KUALA LUMPUR: The problems faced by pharmaceutical company Pfizer in the supply of Covid-19 vaccine will not affect the shipments to Malaysia, which are expected to begin during the first quarter of next year.
Science, Technology and Innovation Minister Khairy Jamaluddin said that, according to an international media report, the supply problem would only affect this year’s production.
“I am aware of the supply issues, but the same media report also said that the problem would only affect the 2020 supply. As far as I know, it does not affect the supply for Malaysia next year,” he said during the question-and-answer session at the Dewan Rakyat.
He was responding to a supplementary question from Fahmi Fadzil (PH-Lembah Pantai) on whether the vaccine supply chain issues as reported by Reuters would affect the supply of the vaccines to Malaysia.
He said, however, that if there are disruptions in the supply chain, the government will identify vaccine portfolios from other companies as relying on one company could lead to risks of insufficient vaccine supply for Malaysians.
Commenting on the additional costs that may be incurred, on top of the RM3 billion allocation, Khairy said each agreement with vaccine manufacturers would take into account costs such as transportation and storage.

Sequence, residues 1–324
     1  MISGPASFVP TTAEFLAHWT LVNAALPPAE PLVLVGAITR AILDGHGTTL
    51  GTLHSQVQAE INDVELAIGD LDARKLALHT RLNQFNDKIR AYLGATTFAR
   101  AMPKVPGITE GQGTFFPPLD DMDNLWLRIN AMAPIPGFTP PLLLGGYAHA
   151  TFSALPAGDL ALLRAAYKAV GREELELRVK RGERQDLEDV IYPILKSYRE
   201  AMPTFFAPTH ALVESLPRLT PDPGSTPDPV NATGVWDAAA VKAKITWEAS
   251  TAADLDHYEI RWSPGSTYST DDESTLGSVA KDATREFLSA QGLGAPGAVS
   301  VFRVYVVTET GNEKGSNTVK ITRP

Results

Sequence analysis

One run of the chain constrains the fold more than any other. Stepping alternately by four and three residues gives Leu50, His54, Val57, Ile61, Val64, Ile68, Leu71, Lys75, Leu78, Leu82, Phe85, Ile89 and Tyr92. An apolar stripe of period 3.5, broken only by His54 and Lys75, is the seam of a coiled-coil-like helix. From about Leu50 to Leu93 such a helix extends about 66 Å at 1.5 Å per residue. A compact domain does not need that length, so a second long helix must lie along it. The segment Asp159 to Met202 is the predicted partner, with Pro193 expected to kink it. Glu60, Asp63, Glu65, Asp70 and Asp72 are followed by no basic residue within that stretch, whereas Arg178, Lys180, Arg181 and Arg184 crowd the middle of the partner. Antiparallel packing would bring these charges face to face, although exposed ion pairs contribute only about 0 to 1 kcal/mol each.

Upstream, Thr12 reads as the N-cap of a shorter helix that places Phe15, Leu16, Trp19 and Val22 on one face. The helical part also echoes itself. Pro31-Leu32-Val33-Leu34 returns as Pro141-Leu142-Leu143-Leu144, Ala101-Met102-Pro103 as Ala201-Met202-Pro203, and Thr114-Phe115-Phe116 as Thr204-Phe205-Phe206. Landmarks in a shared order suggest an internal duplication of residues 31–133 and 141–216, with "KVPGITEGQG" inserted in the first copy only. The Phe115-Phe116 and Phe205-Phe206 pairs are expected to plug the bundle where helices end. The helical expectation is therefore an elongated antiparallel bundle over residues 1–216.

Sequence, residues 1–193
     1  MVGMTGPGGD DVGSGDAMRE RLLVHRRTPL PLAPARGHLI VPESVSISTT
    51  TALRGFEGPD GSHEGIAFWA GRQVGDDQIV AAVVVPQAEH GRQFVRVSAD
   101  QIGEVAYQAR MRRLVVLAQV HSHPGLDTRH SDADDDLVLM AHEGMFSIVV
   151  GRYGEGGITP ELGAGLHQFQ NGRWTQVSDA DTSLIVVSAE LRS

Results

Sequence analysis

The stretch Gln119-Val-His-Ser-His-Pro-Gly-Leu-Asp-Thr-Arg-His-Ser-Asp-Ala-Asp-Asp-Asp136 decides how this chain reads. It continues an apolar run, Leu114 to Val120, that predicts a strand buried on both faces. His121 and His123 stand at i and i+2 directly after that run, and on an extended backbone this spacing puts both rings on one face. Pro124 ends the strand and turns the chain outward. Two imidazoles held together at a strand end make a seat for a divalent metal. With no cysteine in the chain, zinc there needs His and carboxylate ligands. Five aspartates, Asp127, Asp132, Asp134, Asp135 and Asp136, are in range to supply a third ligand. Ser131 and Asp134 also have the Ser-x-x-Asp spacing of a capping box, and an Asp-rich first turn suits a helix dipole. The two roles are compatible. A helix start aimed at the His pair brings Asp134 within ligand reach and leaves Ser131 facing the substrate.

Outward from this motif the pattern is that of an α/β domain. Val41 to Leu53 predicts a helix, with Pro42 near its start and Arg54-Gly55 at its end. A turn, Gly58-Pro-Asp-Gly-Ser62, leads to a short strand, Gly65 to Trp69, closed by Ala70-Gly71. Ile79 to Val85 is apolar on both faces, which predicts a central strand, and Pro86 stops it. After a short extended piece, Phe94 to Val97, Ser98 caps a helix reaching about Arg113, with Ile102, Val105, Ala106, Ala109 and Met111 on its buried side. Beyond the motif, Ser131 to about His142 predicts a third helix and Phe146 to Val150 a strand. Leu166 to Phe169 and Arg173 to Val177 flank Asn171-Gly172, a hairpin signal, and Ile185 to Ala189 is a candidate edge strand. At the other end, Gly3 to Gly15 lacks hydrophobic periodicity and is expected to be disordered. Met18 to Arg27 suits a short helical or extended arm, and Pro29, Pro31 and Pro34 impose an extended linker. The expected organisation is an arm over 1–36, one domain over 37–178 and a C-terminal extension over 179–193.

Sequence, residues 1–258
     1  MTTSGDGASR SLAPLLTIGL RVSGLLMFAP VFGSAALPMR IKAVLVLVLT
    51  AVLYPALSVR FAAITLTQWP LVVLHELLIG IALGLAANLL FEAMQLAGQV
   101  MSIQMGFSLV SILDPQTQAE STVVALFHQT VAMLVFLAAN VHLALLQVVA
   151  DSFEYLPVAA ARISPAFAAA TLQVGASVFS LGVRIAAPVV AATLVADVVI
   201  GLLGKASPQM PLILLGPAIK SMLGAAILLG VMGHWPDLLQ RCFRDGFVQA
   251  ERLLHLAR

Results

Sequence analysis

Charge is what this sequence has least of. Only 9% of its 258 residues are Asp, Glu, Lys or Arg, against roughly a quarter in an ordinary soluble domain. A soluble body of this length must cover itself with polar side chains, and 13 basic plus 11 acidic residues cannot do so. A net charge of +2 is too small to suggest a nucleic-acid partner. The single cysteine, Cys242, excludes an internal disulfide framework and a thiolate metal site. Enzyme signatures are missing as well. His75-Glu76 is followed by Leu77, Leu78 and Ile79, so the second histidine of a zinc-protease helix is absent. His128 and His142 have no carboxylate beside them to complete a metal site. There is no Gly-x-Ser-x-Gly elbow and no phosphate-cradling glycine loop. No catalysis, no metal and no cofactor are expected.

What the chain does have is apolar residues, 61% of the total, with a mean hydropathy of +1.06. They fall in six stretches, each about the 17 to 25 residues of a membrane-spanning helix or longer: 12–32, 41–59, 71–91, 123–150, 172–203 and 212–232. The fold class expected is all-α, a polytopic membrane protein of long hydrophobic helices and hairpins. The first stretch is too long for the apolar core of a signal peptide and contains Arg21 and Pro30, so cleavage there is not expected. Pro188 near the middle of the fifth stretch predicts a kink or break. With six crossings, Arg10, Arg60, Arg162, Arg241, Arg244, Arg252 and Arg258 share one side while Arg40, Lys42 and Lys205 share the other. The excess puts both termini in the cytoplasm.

“In our agreement with Pfizer, for example, the cost of each dose also covers transportation,” he said.
Responding to the original question, Khairy said the government has so far signed two agreements to secure enough supply of vaccine for 30% of the population.
“The first agreement was with the global Covax facility through the optional purchase agreement, signed on Nov 23, which guarantees supply for 10% of the population.
“The second deal was an initial purchase agreement with Pfizer, inked on Nov 24, to provide vaccine supply for another 20% of the population (12.8 million doses),” he said.
He said the government will not compromise on the safety and efficacy of the vaccines procured, and the final decision on the use of a vaccine will only be made after it is registered and approved by the National Pharmaceutical Regulatory Agency under the health ministry.
Meanwhile, he said the target to have 70% of the population vaccinated in the first quarter of 2021 under the National Immunisation Plan will focus on adults to enable the country to reach herd immunity threshold.
He said the government is in talks with other vaccine manufacturing companies to achieve the remaining target. -FMT